Defending Vision Zero

By Claes Tingvall and Maria Krafft

Since its launch in Sweden in 1995, Vision Zero policies have spread at an unbelievable pace. Nations, states, municipalities, organizations, corporations and people around the world have elevated the idea of the citizen’s right to survive in traffic. While transportation road systems are currently responsible for almost 1.3 million deaths annually, Vision Zero states that, in the long run, there should be none.

While the popularity of Vision Zero and its growth to encompass so many stakeholders of different sizes, roles and competencies is very positive and promises to save millions of lives, expansion brings the threat of dilution. Increasingly, the content of Vision Zero policies being proposed is less pure than when Vision Zero began.

When Vision Zero is seen as natural, an idealized philosophy rather than an actionable set of policies, then our goals become dreams instead of destinations. When the longterm vision is stated, but no action is taken toward fewer deaths and serious injuries, Vision Zero appears weak or ill-conceived, or perhaps results in traffic safety measures not being implemented at all. Our sincere hope is an important part of Vision Zero, but our hope must be supported by action.

Vision Zero must be a policy based on ethics, shared responsibility and must use only scientific methods to eliminate death and serious injury. In its inception, this was based in three ideas:

First, Vision Zero states that the traditional trade-off between mobility and safety is banned. Mobility is a function of safety, which means that safety comes first in the design and functionality of any transportation system. An investment in safety is therefore an investment in functionality, accessibility or mobility, and in reality there is no conflict.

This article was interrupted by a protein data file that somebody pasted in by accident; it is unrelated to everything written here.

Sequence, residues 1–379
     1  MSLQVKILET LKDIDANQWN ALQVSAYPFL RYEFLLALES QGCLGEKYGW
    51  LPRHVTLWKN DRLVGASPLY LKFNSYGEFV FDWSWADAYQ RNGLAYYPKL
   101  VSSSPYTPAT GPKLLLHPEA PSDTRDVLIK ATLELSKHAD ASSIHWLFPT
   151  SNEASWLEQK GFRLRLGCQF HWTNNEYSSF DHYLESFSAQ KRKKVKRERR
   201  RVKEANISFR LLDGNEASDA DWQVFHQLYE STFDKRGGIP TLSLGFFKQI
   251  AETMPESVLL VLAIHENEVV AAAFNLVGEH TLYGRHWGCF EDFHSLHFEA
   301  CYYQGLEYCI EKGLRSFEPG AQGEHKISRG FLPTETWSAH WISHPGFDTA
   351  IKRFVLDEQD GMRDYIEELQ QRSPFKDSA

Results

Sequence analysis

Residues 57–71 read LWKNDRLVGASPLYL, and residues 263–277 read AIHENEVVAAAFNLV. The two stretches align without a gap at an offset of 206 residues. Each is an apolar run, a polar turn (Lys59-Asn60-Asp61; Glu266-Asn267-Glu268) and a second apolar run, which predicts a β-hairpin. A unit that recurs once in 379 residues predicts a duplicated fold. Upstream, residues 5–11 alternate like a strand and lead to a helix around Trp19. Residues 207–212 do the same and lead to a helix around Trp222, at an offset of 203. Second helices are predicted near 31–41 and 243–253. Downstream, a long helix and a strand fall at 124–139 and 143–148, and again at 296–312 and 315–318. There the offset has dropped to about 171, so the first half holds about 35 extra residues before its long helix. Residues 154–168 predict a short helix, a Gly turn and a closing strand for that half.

Second, the responsibility for safety is divided between the providers of the transportation system and the users. The user is expected to follow the basic rules of the transportation system, like staying sober, obeying speed limits and wearing a seat belt. Everything else falls on the providers, and the providers are a broad group of people: policymakers, elected officials, trucking companies, city planners and traffic engineers are all included. If the road user fails to follow the basic rules, the responsibility falls back on the providers to come up with new solutions.

Third, all decision-making around Vision Zero should be based on science and documented experience. Providers must be evidence-based in their decisions, because they are responsible for the life and health of users. There is no room for experimenting with methods that have proven ineffective. Like doctors, providers’ only prescriptions for roads should be those which have been proven to be effective and safe. Since more than 90% of all crashes can be attributed to human error, the transportation system must be robust and tolerate human errors.

From these three cornerstones, we can fairly well distinguish between what is Vision Zero and what it is not. Our most important work, as Vision Zero spreads around the world, is drawing this line in the sand.